Often extreme psychological discomfort is experienced by the perpetrators while these acts are being perpetrated, and deep shame and remorse is expressed after the extreme circumstances have lifted.

      My understanding is that a psychopath would experience no turmoil when committing these acts and feel no genuine remorse, although they well may express remorse as an act to gain leniency for their crimes.

      What I'd like to know is did George Bush feel genuine psychological discomfort for the deaths of American soldiers in his wars, or were they so many eggs cracked for the sake of his delicious Haliburton omelet?
  • Aug 20 2012: Wall Street/ our government- On Being A psychopath- Their first instinct is always to protect themselves and their best interest. We are in wars with Afghanistan, Libya, Pakistan, Somalia and Yemen.

    Big corporations will donate millions to the puppets’ campaign to make sure they act the part, without consequence or any responsibility. "They will disenfranchise and intimidate minorities that would vote against them. They will hire judges to enforce their arcane rules. And lastly, and worst of all, they will mobilize security teams to terrorize opponents outside the law. They will build more and more prisons across the nation to make sure their money goes to something useful like the housing and feeding of (you and I) - on “cell-block reservations” which will be the next big boon.” (Werner)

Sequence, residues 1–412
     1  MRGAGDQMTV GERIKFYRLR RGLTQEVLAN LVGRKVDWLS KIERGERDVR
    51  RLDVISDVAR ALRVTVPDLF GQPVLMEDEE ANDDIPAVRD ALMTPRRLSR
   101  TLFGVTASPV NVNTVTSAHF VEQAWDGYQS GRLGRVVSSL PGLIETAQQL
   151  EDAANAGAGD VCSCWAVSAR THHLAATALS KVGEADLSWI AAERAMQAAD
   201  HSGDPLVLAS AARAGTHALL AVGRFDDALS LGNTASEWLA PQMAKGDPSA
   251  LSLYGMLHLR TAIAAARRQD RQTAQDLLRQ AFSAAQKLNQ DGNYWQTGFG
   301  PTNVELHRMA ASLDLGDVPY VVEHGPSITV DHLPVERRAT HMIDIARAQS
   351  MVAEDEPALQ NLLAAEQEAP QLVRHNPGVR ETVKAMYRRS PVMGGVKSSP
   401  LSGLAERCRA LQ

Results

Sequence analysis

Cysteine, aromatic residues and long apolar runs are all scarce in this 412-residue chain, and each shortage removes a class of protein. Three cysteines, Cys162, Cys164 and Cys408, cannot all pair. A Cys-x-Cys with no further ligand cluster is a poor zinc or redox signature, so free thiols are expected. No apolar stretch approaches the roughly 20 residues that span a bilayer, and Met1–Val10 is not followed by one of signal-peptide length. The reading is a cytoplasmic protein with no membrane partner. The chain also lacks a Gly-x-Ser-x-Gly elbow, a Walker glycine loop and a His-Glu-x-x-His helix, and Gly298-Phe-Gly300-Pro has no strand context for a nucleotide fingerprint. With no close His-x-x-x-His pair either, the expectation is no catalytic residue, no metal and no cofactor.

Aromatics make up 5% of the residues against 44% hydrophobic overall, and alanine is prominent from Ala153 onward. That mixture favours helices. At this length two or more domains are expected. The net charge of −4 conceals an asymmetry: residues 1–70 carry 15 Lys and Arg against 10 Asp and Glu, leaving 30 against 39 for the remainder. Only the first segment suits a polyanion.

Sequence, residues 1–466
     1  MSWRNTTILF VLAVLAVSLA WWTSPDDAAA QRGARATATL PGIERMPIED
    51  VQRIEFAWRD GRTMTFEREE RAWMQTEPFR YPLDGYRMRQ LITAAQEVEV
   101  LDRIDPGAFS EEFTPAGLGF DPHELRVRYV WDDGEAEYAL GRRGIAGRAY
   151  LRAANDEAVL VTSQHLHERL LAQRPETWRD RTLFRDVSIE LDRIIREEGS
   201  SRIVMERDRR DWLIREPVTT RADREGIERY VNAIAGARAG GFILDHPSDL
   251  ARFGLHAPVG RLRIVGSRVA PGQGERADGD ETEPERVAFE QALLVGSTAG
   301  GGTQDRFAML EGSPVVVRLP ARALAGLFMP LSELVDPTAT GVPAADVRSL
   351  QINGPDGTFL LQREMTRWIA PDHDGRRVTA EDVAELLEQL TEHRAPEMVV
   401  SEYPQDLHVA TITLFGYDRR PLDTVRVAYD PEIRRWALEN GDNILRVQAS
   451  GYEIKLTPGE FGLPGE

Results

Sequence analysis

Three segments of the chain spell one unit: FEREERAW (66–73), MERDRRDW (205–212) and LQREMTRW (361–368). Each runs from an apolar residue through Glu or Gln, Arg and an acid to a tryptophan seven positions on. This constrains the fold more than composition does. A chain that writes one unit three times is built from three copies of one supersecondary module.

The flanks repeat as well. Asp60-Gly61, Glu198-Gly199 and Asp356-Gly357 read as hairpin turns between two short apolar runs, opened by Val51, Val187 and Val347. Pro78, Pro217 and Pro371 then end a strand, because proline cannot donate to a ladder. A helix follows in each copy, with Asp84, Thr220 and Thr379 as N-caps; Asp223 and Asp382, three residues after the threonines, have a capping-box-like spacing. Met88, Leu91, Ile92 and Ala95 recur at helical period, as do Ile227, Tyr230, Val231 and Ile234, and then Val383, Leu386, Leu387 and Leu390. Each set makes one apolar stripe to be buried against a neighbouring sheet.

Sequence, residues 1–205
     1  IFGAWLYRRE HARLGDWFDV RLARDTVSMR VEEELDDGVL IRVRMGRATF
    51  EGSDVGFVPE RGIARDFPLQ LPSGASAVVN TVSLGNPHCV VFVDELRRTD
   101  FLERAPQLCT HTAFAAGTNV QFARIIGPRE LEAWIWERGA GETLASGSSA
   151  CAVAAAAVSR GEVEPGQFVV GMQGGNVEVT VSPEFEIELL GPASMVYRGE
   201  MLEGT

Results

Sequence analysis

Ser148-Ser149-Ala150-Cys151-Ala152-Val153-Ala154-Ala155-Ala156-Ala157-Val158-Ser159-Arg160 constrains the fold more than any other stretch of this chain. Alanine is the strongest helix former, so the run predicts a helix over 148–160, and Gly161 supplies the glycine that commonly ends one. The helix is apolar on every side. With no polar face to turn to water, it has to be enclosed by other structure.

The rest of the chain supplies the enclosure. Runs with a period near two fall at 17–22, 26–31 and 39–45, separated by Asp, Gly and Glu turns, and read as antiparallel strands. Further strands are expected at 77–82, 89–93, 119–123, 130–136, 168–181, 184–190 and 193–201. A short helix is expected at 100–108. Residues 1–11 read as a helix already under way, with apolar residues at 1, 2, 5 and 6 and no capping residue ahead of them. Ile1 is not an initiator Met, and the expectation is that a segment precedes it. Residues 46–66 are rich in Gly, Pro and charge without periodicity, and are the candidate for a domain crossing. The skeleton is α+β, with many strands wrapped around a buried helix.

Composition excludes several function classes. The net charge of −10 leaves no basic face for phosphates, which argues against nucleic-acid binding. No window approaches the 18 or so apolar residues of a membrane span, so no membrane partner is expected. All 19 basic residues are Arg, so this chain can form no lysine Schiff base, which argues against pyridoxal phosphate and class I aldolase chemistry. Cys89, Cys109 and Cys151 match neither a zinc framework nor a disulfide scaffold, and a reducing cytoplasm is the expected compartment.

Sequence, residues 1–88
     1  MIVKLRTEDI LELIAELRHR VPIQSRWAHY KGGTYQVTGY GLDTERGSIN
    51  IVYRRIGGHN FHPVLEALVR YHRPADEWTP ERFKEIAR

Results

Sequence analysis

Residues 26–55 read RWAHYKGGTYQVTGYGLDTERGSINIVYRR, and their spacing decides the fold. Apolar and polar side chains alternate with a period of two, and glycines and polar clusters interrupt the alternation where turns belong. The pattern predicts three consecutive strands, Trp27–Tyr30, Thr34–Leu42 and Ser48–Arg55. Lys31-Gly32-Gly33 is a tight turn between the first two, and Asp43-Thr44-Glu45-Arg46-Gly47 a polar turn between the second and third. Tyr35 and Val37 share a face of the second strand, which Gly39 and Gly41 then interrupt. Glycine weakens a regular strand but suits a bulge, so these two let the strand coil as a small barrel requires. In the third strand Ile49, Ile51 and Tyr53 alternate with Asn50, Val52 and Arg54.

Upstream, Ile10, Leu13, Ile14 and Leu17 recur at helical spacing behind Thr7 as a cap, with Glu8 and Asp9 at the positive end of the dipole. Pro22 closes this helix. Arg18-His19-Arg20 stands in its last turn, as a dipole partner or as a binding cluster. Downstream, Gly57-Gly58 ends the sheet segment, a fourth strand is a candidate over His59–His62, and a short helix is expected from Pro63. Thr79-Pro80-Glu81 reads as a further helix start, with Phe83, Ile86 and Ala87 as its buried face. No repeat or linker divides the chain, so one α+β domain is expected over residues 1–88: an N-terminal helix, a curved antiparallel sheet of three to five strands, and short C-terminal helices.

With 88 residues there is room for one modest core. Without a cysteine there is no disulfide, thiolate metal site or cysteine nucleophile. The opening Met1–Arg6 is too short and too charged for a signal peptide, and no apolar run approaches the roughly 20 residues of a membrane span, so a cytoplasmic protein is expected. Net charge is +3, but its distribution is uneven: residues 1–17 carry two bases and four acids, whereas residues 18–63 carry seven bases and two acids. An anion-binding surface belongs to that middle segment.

They will raid alternative doctors helping people with cancer, raid organic farmers and promote drugging of our children, as young as 4years old with Ritalin. We are in the Twilight zone. When will these obsessions stop?
    • Aug 20 2012: Yes, there are many special interests in politics but is self interest the same as psychopathy?
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    Aug 17 2012: My daughter is actually 4...